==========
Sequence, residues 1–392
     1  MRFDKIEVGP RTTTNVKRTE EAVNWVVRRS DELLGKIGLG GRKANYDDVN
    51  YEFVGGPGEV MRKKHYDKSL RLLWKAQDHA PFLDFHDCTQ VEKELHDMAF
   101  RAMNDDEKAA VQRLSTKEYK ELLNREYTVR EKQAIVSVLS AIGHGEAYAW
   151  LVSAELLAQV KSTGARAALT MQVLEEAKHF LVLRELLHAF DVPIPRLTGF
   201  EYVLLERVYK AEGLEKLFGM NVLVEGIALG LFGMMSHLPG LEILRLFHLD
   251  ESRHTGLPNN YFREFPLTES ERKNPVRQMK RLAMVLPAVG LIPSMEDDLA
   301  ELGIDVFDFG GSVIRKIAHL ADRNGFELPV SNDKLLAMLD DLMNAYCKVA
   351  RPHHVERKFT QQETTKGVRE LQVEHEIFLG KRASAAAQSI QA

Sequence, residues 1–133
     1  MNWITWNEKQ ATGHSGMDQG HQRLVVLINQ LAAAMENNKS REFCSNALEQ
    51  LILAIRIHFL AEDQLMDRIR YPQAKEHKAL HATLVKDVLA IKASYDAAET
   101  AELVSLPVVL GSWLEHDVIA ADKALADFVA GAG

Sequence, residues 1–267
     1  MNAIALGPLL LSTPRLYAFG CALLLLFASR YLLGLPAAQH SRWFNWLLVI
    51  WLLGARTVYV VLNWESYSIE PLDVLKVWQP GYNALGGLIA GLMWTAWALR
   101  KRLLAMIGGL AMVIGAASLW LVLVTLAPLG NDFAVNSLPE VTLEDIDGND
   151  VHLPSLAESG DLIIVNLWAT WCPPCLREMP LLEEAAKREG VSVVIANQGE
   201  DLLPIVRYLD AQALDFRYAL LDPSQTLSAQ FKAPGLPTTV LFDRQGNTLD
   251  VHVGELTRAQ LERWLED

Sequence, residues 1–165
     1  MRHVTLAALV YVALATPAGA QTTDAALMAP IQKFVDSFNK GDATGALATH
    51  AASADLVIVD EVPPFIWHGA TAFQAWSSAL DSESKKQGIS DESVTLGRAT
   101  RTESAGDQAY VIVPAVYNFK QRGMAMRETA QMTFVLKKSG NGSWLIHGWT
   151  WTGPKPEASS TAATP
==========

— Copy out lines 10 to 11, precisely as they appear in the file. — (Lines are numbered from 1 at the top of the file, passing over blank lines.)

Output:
Sequence, residues 1–133
     1  MNWITWNEKQ ATGHSGMDQG HQRLVVLINQ LAAAMENNKS REFCSNALEQ